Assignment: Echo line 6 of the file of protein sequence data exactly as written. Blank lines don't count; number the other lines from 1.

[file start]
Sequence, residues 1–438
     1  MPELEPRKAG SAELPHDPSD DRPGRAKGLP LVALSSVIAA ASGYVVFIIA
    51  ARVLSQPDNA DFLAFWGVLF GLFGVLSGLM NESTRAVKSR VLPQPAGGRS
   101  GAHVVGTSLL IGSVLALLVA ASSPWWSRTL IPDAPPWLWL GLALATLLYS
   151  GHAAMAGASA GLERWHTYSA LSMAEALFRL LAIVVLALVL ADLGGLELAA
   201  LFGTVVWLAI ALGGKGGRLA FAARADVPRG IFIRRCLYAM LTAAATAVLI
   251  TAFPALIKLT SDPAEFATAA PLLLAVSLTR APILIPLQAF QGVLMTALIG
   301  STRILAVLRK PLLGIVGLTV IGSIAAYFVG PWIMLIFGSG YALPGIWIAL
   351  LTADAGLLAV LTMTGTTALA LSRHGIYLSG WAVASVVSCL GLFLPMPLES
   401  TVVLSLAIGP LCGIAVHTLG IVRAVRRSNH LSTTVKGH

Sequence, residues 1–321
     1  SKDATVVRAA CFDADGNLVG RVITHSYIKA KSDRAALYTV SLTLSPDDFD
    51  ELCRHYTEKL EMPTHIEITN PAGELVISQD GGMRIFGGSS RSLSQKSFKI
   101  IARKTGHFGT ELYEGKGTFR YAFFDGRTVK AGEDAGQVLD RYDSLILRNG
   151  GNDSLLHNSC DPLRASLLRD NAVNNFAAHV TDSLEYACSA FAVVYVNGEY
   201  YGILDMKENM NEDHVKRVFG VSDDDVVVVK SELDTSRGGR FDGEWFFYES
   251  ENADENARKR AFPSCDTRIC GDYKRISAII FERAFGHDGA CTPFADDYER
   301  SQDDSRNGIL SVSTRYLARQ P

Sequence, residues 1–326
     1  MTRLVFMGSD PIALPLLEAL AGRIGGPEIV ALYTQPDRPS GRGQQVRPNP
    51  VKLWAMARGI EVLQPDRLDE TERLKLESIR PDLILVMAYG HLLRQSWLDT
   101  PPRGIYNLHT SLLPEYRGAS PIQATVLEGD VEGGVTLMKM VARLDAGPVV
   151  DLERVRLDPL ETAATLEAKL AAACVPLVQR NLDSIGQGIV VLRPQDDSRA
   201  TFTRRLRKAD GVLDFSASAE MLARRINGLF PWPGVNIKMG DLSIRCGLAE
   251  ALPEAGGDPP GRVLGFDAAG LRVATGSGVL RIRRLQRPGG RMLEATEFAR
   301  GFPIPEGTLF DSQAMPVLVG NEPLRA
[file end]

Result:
   201  LFGTVVWLAI ALGGKGGRLA FAARADVPRG IFIRRCLYAM LTAAATAVLI